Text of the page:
Outcomes from followup studies in anorexia nervosa

There have been comprehensive appraisals of follow-up studies in anorexia nervosa (108) which have put forward criteria for the near-perfect follow-up study, which in practice are seldom fully met. Among the easier criteria are precision in the diagnostic features, the use of standardized interviews, 100 per cent success in tracing the patients, and a sufficiently long follow-up to determine eventual outcome. An arbitrary interval of at least 4 years was previously set (24) and most recent studies have adhered to this recommendation. Several groups of investigators have adopted the same measures of outcome based on the Morgan-Russell scales. fy0.9.) Their use gives rise to three possible categories of general outcome based on body weight and menstrual function: 'good', 'medium', and 'poor'.

In a review comparing three British studies and one Swedish study, (110) each with a mean follow-up of 5 to 6 years, it was found that the patients treated in Bristol had a better outcome than those treated at the Maudsley Hospital in London. The explanation is one of selection bias already mentioned: the Maudsley patients had all required inpatient treatment, whereas in the Bristol series the majority were outpatients. The third British study, from St George's Hospital, London, showed a quality of outcome intermediate between the other two.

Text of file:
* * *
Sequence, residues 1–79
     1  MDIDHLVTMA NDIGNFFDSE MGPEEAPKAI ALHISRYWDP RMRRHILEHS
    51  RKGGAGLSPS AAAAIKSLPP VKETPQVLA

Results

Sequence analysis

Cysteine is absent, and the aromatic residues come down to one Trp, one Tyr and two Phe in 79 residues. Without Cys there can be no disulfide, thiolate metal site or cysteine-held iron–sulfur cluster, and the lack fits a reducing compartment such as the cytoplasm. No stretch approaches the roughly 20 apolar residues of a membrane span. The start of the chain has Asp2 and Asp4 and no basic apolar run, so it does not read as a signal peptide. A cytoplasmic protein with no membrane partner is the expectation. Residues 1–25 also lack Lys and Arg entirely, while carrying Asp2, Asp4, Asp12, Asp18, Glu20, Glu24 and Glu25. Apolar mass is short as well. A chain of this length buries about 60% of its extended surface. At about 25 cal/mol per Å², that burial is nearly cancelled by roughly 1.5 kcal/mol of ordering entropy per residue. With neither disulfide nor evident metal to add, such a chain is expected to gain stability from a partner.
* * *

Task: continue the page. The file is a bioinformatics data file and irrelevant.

The Swedish study was extended by two later follow-ups at 15 and 33 years, and showed a trend in two directions. On the one hand, the percentage of good outcomes gradually increased, while the percentage of poor outcomes diminished. On the other hand, the death rates increased with time; after 33 years the total mortality from anorexia nervosa or suicide was 18 per cent. Slow recovery was the rule: only 29 per cent of patients recovered in less than 3 years of illness, another 35 per cent within 3 to 6 years, and the remainder took much longer with recovery after 12 years being rare. (H0) The Maudsley series of patients was also extended to a mean follow-up of 20 years. There was a reduction in the percentage of patients with a poor outcome, but an increase in the mortality rate close to that of the Swedish study.(111)

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Breaking Bulimia

Breaking Bulimia

We have all been there: turning to the refrigerator if feeling lonely or bored or indulging in seconds or thirds if strained. But if you suffer from bulimia, the from time to time urge to overeat is more like an obsession.

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